Olaf Scholz was facing calls to resign on Friday as he prepared to testify to a committee again over his role in tackling a multibillion-euro tax fraud scheme as Hamburg’s mayor.
Richard Seelmaecker, the opposition CDU party’s representative on the commission, said Germany’s chancellor and his successor as mayor, Peter Tschentscher, should step down.
"Both have to resign," he told Germany’s DPA news agency.
The CumEx scheme, first revealed in 2017, involved numerous banks and investors exploiting a loophole by swiftly exchanging company shares among themselves around dividend day in order to claim multiple tax rebates on a single payout.
The committee is investigating why local financial authorities in 2016 dropped a bid to claw back €47 million (£39 million) in taxes from Hamburg bank Warburg over CumEx trades.
'There has been no political influence'
"It all stinks to high heaven and simply cannot have happened without political influence," Mr Seelmaecker told broadcaster n-tv.
Mr Scholz, who has already appeared before the committee once, has repeatedly dismissed any suggestions he acted inappropriately.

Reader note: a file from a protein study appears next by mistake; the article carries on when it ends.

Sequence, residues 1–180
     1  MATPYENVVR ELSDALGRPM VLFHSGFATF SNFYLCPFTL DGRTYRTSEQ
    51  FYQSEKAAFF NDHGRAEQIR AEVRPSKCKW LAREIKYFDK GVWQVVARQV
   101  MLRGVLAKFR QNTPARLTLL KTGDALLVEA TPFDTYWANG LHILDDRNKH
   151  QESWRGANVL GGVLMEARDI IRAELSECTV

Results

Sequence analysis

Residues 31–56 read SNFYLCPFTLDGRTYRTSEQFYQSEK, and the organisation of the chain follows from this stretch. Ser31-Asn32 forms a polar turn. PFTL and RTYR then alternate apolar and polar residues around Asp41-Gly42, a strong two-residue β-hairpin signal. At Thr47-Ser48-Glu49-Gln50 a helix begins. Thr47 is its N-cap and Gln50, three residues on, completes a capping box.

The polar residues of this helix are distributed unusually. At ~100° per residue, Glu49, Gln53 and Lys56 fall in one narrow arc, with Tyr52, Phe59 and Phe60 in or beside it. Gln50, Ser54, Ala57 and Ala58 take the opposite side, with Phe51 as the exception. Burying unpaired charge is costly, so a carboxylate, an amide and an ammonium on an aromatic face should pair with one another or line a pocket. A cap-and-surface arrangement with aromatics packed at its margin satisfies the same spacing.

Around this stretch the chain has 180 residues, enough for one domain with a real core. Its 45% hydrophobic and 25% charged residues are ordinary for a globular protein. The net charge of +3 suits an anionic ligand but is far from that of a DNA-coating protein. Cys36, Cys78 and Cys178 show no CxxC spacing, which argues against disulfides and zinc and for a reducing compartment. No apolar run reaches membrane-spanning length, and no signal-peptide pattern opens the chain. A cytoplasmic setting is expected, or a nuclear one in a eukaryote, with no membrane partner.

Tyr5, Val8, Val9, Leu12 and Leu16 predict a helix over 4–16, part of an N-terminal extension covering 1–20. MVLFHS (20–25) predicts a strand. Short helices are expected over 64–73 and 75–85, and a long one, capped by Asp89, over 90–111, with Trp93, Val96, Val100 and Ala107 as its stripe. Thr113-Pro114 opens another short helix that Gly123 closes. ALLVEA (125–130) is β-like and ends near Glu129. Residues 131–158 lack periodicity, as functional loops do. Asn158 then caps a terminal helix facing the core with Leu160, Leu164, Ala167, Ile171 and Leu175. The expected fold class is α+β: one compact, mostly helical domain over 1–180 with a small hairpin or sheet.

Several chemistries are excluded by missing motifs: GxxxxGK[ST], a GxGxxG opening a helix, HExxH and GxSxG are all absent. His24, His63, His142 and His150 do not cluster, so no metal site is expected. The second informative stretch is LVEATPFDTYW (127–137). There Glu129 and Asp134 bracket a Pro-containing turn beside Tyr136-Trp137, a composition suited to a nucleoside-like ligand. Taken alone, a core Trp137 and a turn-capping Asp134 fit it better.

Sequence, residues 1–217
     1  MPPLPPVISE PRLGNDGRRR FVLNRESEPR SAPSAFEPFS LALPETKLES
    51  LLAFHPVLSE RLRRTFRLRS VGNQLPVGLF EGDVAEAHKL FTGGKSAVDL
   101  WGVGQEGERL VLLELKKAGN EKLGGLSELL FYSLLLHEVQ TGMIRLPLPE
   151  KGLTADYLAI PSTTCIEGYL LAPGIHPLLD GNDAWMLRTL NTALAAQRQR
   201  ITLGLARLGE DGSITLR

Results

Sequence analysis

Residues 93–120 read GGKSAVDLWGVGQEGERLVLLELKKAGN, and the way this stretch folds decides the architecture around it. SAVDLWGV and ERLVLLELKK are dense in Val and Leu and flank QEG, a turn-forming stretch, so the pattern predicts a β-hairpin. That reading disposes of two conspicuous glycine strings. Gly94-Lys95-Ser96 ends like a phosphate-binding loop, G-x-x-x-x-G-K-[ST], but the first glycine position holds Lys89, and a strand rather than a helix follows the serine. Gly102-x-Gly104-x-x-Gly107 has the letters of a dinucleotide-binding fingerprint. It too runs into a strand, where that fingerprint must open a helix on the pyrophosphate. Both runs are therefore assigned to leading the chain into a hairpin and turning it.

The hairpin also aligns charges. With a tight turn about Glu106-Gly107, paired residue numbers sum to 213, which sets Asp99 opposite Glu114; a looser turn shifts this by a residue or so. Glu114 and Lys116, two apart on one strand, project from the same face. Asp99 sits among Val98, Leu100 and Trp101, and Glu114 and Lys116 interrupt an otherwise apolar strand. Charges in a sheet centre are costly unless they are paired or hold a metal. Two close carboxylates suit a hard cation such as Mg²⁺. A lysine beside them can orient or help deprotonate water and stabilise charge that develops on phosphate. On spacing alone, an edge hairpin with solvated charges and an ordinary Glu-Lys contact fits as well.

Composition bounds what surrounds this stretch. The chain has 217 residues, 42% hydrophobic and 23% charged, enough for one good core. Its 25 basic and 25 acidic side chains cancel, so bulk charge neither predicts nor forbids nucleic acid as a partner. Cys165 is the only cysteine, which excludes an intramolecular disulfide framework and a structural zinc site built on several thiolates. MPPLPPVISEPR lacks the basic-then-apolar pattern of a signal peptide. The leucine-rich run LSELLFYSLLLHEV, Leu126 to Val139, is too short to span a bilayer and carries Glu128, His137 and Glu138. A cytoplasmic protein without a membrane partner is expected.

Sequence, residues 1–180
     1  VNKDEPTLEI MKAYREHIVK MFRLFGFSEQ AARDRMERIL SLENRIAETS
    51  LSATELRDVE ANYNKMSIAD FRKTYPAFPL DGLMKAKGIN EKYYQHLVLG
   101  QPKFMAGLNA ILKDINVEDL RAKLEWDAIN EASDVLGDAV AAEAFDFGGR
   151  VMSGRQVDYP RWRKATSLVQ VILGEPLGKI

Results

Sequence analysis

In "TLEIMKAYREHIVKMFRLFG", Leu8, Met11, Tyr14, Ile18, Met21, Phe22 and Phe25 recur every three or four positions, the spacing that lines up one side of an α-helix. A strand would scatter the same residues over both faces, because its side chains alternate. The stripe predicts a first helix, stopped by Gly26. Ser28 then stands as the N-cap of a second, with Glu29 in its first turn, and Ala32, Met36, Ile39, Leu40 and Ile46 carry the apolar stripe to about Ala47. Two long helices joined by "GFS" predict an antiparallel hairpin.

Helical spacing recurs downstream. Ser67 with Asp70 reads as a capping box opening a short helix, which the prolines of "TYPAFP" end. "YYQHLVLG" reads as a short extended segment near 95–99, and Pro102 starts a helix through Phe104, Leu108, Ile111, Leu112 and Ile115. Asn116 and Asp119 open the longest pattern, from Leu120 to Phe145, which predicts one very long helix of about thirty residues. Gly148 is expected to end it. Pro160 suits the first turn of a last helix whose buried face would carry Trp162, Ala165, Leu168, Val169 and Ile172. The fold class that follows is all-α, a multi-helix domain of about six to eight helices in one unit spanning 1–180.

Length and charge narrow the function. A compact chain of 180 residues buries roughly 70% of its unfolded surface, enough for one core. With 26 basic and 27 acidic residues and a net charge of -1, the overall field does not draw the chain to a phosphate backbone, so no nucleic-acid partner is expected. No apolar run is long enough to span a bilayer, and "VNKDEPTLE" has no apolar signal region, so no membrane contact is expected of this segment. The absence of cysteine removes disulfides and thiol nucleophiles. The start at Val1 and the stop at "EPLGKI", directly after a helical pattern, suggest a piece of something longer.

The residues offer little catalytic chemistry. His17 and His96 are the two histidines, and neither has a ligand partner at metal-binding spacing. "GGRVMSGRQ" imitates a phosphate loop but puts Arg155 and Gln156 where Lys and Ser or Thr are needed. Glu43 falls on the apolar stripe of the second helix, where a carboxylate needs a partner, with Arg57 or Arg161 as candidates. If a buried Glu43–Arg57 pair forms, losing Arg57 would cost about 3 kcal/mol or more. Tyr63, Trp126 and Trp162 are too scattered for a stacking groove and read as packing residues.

"Countless files have been studied, countless people have been heard. The result is always: There has been no political influence," Mr Scholz recently told reporters.
Steffen Hebestreit, the chancellor’s spokesman, said earlier this week that Mr Scholz, who was the mayor of Hamburg from 2011 to 2018, had nothing to hide.
But a tranche of emails seized recently from Mr Scholz’s former office manager could bring new evidence to light, according to several German media reports.
Rumours are spreading that the decision to let Warburg off in 2016 followed a conversation between Mr Scholz and Christian Olearius, the bank's co-owner.
Mr Scholz, who says he cannot remember the details of the conversations he had with Mr Olearius, has been accused of withholding information from investigators.
Friedrich Merz, the CDU leader, said on Friday it was "simply completely unbelievable" that Mr Scholz could not remember details of the event.
"Unfortunately, I have to say it so clearly: I don't believe a word the chancellor says," he told Handelsblatt.
With Mr Scholz’s popularity already waning amid widespread criticism of his response to the war in Ukraine, the case threatens to further undermine the chancellor as he fights to hold together a fractious coalition and deal with a mounting energy crisis.